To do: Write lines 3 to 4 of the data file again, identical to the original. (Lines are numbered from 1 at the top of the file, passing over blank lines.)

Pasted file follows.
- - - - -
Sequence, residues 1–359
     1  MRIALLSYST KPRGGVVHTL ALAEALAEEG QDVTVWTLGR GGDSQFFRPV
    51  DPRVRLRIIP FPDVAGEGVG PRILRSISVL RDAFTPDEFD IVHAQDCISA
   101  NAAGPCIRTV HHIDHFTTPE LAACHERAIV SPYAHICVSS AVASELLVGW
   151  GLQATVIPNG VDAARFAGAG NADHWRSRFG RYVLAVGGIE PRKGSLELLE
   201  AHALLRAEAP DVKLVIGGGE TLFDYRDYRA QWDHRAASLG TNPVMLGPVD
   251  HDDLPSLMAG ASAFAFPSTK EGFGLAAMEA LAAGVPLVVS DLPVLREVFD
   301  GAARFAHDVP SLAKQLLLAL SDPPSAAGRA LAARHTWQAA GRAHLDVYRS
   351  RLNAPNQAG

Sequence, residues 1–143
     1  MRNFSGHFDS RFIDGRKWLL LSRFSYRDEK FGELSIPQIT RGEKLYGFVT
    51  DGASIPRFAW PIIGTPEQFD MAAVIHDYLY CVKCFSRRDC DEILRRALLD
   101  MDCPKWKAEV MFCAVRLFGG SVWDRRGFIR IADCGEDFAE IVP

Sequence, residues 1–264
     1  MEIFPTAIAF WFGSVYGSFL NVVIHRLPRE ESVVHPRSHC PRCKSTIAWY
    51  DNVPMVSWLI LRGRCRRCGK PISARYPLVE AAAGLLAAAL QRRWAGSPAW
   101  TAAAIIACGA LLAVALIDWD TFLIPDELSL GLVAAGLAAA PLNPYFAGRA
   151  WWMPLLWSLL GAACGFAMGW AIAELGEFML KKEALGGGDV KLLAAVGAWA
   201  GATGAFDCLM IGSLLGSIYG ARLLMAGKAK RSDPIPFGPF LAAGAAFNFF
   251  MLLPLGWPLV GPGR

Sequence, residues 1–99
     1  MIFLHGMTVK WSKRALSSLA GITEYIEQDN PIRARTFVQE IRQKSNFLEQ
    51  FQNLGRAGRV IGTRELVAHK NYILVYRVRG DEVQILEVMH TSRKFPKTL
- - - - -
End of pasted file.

    51  DPRVRLRIIP FPDVAGEGVG PRILRSISVL RDAFTPDEFD IVHAQDCISA
   101  NAAGPCIRTV HHIDHFTTPE LAACHERAIV SPYAHICVSS AVASELLVGW